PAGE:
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My first IPA - update


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Greetings everyone, original post: https://www.coopers.com.au/coopers-forum/topic/14926/


I wanted once more thank everyone involved with helping me with my recipe and share the journey to my final (first successful) beer. I have shared it with friends and friends of friends and have gotten a very good feedback. Some even claim it is the best DIY beer they have tried. I don´t know about that, but I am quite happy with the result and thought that maybe someone out there will learn something from my experience and maybe even make their own twist to it. I will definitely try it again.

The beer turned out just bitter enough for you to still want a next one and with an ABV between 6.4-6.9 (depending on if I got the 0.5% from the carbonation drops) it has quite the kick. I would maybe try to tweek it even further with another boil of hops or dry hop addition to maybe try to get more citrusy aroma/flavors into it, but if I still ended up with the same results as I did now I would not complain. Would be happy to hear from you guys if you have any comments or suggestion regarding to obtain that.


I thought I would go step by step through our process and show the end results. As mentioned before in the previous post we chose mostly to follow Lusty´s instructions that we also modified a bit as we went along. We did for instance not risk using both yeast kits and stuck to Doomys recommendation of just using the safale us-05.

The boil part went uncomplicated till it was time to pitch the yeast and the temperatures were to high. Never before using partial boils with extract kits this was one thing that I did not take into account, and unfortunately I thought that by living in the Northern hemisphere this would not pose a big problem by just using tap water alone. By the time we reached about 20L the wort was still quite hot at around 30 degrees and without thinking about possible contamination I turned to store bought ice cubes. I learned later that this could be a disaster in thoughts of contamination, but luckily the beer gods where gentle to us as the final product turned very nice but the mark was at 24L instead of 23L, but at least the temperature then was at 20 degrees and we decided to pitch the safale us-05 yeast and seal. OG: 1.055

We let it stay in our kithen on a seperate counter and covered it up with blankets to prevent it from daylight. After 7 days we added the remaining 50g of Cascade hops using a mesh bag and a stainless steel ball to make it sink with good effect. But even so the bag eventually floated. We decided to dry hop in the primary and extended this period to 2 weeks instead of the 1 week suggested as the SG continued to decrease through this time so total fermentation at room temperature was 3 weeks. First week after fermentation OG was 1.1010 and a week later it was 1.007. We continued measuring the SG and when it was steady at 1.007 for 3 days we considered the beer to be ready for bottling. We were lucky with the temperatures and it steadily showed about 18-20 degrees celcius on the fermenter. Problem was that it was quite cloudy when measuring the specific gravity. It looked like this after 3 weeks in winter room temp:


Very cloudy and not something I would willingly drink, but tasting it had exactly what I would assume a good IPA should taste like. We decided to venture down the road of cold crashing. In fear of messing with contamination we decided not to remove the dry hop mesh bag and put the whole fermenter in the fridge. We decided to keep it in the fridge for 5 days and and saw stunning results:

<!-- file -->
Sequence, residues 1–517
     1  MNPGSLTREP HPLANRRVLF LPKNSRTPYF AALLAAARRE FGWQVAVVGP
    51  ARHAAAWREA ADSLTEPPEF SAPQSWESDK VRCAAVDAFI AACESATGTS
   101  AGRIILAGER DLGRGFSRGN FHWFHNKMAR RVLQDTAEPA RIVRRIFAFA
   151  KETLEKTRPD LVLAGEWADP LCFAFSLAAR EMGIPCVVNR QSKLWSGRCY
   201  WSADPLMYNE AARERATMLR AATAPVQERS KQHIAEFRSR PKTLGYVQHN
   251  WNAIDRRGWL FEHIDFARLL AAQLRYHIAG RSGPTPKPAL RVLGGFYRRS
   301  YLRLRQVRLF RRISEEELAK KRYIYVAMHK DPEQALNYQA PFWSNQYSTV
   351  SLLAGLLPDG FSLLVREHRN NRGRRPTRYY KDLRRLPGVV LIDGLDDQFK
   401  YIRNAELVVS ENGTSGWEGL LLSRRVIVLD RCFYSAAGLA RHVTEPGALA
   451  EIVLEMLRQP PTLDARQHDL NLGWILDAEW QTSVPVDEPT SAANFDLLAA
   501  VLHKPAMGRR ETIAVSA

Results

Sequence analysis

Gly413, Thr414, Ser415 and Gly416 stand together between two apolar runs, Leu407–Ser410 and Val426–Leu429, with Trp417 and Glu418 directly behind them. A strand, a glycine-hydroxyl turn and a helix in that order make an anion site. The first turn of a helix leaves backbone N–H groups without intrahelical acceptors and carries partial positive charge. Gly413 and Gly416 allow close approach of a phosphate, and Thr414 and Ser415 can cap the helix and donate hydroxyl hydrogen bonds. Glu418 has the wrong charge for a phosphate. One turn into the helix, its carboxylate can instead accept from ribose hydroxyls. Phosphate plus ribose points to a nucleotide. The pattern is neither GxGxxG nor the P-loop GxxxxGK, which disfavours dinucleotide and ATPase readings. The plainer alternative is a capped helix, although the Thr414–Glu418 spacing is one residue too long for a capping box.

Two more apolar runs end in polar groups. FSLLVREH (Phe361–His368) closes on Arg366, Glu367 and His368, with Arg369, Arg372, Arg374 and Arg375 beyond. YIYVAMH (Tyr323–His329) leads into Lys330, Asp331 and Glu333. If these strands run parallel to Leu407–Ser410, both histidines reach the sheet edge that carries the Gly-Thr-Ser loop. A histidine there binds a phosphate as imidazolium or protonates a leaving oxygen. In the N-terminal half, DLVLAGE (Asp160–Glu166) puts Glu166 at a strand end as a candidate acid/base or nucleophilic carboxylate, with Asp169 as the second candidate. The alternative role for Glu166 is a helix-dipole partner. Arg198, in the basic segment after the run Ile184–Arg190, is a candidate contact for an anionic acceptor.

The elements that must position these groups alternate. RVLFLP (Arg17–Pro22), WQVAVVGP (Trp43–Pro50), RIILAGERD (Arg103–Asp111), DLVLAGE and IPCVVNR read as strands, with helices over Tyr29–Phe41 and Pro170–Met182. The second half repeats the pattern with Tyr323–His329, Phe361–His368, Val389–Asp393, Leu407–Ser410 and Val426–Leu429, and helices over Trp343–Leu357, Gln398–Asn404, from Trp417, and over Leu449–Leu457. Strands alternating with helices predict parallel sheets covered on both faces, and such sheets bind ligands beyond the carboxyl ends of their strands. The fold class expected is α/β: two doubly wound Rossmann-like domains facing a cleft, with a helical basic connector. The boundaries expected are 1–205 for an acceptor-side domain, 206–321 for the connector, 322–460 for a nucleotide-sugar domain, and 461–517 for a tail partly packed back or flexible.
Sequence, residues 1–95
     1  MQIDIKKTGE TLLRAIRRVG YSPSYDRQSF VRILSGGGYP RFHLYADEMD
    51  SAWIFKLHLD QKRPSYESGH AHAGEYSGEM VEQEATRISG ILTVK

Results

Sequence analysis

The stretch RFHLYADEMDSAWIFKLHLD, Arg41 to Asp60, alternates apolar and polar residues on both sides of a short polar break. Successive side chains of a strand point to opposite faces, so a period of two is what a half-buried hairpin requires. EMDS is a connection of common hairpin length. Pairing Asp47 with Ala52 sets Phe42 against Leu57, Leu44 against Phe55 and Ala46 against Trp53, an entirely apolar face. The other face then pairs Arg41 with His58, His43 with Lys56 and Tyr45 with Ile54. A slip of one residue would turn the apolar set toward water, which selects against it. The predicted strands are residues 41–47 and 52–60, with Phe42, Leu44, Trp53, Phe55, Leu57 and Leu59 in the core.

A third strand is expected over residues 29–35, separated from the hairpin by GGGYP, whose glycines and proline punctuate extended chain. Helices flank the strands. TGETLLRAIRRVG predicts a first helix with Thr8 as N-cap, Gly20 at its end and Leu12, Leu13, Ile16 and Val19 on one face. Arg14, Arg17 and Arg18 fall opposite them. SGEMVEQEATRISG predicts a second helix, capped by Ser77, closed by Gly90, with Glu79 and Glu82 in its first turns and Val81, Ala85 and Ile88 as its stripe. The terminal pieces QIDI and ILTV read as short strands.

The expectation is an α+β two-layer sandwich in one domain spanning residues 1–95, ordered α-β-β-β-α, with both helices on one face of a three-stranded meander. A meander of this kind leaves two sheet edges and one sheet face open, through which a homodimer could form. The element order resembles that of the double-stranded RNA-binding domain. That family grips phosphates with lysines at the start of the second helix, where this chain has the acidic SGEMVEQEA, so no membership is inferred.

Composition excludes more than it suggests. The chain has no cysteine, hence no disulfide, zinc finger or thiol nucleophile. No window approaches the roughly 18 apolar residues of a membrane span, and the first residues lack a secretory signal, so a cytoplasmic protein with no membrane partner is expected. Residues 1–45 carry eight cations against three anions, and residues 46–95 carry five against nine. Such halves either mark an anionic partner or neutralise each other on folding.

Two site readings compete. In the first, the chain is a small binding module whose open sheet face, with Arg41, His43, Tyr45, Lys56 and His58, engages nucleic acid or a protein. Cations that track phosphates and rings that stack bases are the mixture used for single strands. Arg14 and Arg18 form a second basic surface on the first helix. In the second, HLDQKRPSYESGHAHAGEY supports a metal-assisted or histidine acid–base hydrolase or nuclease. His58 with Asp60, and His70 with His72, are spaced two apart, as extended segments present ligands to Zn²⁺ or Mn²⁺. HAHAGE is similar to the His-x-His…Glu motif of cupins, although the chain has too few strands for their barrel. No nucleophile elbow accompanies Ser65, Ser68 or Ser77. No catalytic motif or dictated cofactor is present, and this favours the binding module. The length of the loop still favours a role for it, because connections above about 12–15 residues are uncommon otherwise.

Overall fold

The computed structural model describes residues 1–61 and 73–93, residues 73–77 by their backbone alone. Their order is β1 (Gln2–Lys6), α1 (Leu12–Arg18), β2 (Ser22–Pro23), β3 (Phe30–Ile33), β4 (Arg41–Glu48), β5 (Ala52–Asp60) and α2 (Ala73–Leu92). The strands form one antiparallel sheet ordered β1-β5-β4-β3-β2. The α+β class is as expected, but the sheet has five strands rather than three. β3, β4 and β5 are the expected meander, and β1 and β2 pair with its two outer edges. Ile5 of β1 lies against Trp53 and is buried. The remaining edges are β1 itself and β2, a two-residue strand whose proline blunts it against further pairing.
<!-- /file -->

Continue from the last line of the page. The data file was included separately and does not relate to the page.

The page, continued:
We decided then to bottle and due to the sediment falling down we did not want to risk using the tap but bought an automated siphon for this task.

As I think I mentioned before we used the Coopers PET bottles 0,5L and Grolsch glass bottles 0,475L. We followed Beeblebrox´s advice with carbonation drops and actually tried both variants. We used 1.5 drops for the 0.5L and risked to use just 1 per 0,475L Grolsch bottle. Luckily we had more PET bottles than glass bottles as the 1 per 0,475L was a bit on the low side and the beer ended up undercarbonated and had poor head retention. Taste was also different, but still very good. Using 1.5 drops for the 0.5L bottles was perfect. The end result looking like this:


So to sum up:

Let it ferment for a week, add dry hop addition, wait another 2 weeks, cold crash for 6 days, bottle.


Bottoms up,

Cheers mates and thanks once again for all advice.


- bowser & peaches




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Good to hear it turned out well mate! Yes you will have the extra ABV from the carb drops. If they fermented and you have bubbles, you have the extra alcohol too. Can't have bubbles without the added alc unless it's force carbed in a keg. wink


I would have used two packets of yeast in a big beer like that. It's not a risk - it's beneficial. The more sugars there are in it, the more yeast you need to successfully ferment it. Obviously it did ferment with just one pack, but pitching the proper amount of yeast in the first place is preferable. As you noted, the fermentation took a long time and that is most likely why.


Isn't cold crashing great?! I do it on every batch although I have a dedicated fridge and my brews aren't usually that cloudy beforehand, but I think the benefits of it are worth doing. The tap would be fine to use for bottling though as the sediment compacts below it, and if you bottle it cold it creates minimal disturbance of the trub. Certainly I've never had any issues with trub getting through the tap much at bottling time, although I do transfer it all to another fermenter for bulk priming, so if any does get dragged through it's so diluted it isn't noticeable anyway.







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